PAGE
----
Late Bloomer: On Writing Later in Life
by Naomi Beth Wakan


Wolsak and Wynn, 2006. ISBN 1-894987-11-X.
Reviewed by Mary Ann Moore
Posted on 06/10/2008

Nonfiction: Memoir; Nonfiction: Creative Life; Nonfiction: Elders

Naomi Beth Wakan says she really found her voice when she was in her 60s and 70s. That makes her the ideal author of a book geared to seniors looking to express themselves by writing. The question she asks in her introduction is an enticing one: "Why not start writing now for the joy it?"

Wakan quotes many late bloomers and the reasons they began to write late in life. Leanne McIntosh for instance, a British Columbia poet, wanted "to share her being and to share her talent." Rather than procrastinate with fears and worries, Wakan suggests making a list called "Reasons to Write." At the top of the list you could put "sheer joy of expressing myself." That's how she feels about writing. It's that enthusiasm as well as her practical suggestions, humor and insight that make this book a pleasure to read.

"Pursuing a dream keeps you young," Brenda Rickman said. I think that's good advice! Rickman was a retired Tennessee school librarian when she wrote her first novel, The Illuminator, translated into ten languages. Being older offers a sense of urgency, Rickman thinks. One of her suggestions is to submit smaller pieces so there are little successes on the way to getter a larger work completed. That's something I have found useful as well.

Wakan writes from her own experience as well as from her research. She begins with the place in which to write, a writing space to call your own. Many late bloomers would be happy to read Wakan's lively description of her own writing life as she shares the practicalities and the joys. I always find I have a companion at my side when I read a book about writing. Wakan must feel that way, too: she enjoys reading books about writing even though she has written over 30 books!

You don't need a "Wow! Experience" to write, Wakan advises. She shares her own list of subjects she could write about. I'm sure it will inspire and motivate readers to create a list of their own that will lead to their own personal essays. Essays and poetry are Wakan's forms, but she also describes novels and memoirs. A "poem-memoir" written in the third person is Wakan's approach to memoir. I found this to be such a good idea as it can stand on its own or reveal the many stories from life we have to tell.

Wakan even covers writer's block, with excellent suggestions from a seasoned writer—herself! The book itself offers support and encouragement, but Wakan also suggests attending workshops for specific learnings, a jump start, and for the bonding that takes place among attendees. Support can also be found in a writers' group, where you may leave feeling "elated and strengthened in the worth of your own writing."

Wakan helpfully mentions non-literary support as well. She and her husband Elias split chores down the middle so they support one another's creativity—in her case writing and, in his, sculpting.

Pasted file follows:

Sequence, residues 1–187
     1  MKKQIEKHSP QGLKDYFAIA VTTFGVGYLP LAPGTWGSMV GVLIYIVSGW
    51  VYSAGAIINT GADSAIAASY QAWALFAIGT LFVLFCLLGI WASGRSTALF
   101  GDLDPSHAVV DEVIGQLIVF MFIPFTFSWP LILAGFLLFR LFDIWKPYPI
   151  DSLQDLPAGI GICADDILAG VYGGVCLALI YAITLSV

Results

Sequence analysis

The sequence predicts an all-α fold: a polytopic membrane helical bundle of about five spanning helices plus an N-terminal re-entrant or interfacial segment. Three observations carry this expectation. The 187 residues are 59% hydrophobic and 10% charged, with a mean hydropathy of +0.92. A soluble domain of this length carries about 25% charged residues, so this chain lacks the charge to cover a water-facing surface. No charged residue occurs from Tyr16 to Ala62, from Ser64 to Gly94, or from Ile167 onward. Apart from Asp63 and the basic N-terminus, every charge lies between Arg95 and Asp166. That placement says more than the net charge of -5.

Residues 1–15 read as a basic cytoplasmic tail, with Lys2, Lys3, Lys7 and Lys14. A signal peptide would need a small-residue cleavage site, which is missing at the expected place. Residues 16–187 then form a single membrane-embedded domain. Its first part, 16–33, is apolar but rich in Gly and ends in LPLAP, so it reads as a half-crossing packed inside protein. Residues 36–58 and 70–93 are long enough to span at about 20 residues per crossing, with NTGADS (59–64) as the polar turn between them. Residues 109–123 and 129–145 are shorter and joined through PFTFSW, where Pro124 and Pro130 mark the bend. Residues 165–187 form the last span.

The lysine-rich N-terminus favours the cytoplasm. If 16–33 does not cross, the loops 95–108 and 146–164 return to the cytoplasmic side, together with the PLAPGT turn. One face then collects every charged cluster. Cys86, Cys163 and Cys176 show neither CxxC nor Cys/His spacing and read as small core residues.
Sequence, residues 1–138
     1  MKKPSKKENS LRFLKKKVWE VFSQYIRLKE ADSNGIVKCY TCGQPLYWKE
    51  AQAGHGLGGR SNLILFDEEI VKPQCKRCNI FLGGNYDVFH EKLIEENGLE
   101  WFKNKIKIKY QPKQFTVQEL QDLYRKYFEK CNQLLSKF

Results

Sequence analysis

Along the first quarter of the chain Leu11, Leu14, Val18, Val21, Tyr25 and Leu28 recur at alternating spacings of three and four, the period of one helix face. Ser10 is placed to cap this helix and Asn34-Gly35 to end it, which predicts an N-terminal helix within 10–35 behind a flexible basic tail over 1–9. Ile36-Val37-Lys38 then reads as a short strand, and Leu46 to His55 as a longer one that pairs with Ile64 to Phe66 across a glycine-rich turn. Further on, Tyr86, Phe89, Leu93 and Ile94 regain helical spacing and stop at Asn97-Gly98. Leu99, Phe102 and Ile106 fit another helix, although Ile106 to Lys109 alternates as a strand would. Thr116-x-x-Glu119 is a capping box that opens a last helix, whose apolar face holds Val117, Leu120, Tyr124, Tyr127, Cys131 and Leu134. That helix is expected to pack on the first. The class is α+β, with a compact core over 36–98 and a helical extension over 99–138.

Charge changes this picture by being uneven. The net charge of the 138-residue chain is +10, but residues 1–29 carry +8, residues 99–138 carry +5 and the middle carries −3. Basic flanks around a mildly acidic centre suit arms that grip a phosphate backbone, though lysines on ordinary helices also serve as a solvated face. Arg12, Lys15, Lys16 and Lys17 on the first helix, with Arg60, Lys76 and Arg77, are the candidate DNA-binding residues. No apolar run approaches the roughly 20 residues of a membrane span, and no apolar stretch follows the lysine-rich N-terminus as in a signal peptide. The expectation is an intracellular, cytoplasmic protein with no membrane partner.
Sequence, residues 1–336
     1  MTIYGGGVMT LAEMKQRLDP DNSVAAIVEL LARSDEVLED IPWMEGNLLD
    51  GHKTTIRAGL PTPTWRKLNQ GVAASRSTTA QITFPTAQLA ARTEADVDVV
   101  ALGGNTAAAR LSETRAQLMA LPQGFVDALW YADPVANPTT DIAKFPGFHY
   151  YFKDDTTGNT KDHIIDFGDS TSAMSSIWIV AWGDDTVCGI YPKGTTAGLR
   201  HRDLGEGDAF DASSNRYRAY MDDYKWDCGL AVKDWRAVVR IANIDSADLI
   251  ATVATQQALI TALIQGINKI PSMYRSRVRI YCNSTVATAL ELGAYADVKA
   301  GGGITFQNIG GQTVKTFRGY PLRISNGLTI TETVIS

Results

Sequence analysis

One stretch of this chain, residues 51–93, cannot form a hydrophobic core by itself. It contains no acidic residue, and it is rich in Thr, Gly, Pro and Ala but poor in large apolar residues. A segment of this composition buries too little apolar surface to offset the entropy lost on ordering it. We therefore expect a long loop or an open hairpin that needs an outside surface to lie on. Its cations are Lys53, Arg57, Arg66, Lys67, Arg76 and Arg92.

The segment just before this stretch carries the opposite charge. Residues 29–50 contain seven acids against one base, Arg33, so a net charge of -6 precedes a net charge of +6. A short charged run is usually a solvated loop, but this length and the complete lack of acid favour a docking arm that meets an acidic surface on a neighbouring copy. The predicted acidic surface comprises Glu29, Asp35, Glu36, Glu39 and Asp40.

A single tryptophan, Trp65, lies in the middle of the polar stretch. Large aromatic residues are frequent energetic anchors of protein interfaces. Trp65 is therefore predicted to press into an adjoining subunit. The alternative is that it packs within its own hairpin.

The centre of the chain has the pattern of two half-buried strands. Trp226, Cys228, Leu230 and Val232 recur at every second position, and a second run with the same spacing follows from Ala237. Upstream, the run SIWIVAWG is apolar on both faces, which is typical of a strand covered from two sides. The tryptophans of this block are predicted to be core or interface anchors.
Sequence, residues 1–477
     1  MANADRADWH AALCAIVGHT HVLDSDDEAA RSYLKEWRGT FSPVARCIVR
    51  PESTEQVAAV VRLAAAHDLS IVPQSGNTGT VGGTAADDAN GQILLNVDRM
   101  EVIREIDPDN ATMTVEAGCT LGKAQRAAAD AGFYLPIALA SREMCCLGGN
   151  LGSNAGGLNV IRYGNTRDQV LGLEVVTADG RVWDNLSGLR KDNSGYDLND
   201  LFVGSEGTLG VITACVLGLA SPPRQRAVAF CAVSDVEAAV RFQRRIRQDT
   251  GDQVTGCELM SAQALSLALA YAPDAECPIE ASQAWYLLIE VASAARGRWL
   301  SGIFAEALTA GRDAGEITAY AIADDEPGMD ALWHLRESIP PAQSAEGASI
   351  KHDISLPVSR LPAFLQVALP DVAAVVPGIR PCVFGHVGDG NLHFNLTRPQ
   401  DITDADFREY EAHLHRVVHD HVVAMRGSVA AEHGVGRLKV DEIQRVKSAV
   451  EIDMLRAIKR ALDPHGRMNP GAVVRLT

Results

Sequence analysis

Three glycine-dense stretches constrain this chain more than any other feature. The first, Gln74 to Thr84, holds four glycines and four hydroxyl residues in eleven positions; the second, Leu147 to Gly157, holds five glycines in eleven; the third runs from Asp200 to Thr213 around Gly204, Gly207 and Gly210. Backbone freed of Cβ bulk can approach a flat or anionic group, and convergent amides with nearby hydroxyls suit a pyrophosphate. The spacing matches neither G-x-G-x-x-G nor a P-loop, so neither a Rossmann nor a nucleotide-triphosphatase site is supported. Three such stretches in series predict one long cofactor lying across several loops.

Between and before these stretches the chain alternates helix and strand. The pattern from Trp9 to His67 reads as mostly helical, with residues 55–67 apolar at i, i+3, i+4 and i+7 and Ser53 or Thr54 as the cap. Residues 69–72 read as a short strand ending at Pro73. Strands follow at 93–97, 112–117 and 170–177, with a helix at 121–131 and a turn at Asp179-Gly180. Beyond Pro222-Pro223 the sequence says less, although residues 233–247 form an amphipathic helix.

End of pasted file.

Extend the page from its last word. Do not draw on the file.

A chapter on "What to do when the work is finished" has useful suggestions regarding proof reading, submitting work and receiving rejections. Her best advice is that concentrating on money and fame is harmful "and I mean very harmful, to good writing." Ambition is also "a devastating impediment to getting your words down on paper," which means not only the "good" writing but doing any writing at all. No matter what age we are, this is something to remember.

The second half of the book consists of 13 interviews with other late bloomers—but first Wakan begins with an interview of herself. In it she says she seems "to rely on my little floating bubble of a world for most of my writing themes." Poems and prose excerpts are included with the interviews. I found it such a pleasure to read about people who started to write late in life. Some of them have self-published their work, the pros and cons of which are useful for readers as well.

It's lovely to see the haiku of Murray Barbour who, until this book was in print, had only shared his poems with Naomi Wakan. In his 90s and legally blind, Barbour had someone type his haiku one to a page so he could see the large lettering.

While some issues such as fatigue and memory loss (about recent events, not the past!) are fairly common to aging writers, when it comes to writing I think these issues apply to all of us. Late Bloomer would be a wonderful gift to encourage any would-be writer you know. Wakan issues an invitation to join her and find "a closure to the past, a healing in the present, a promise for the future".


Naomi Beth Wakan has written educational books geared to children and many books for the adult market. Her most recent are Segues (Wolsak and Wynn Publishers) and Compositions: Notes on the Written Word (Wolsak and Wynn Publishers). Naomi Beth Wakan and her husband, the sculptor Elias Wakan, live on Gabriola Island, British Columbia. Visit her website. You can read Mary Ann Moore's recent interview of Ms. Wakan in the Vancouver Sun.

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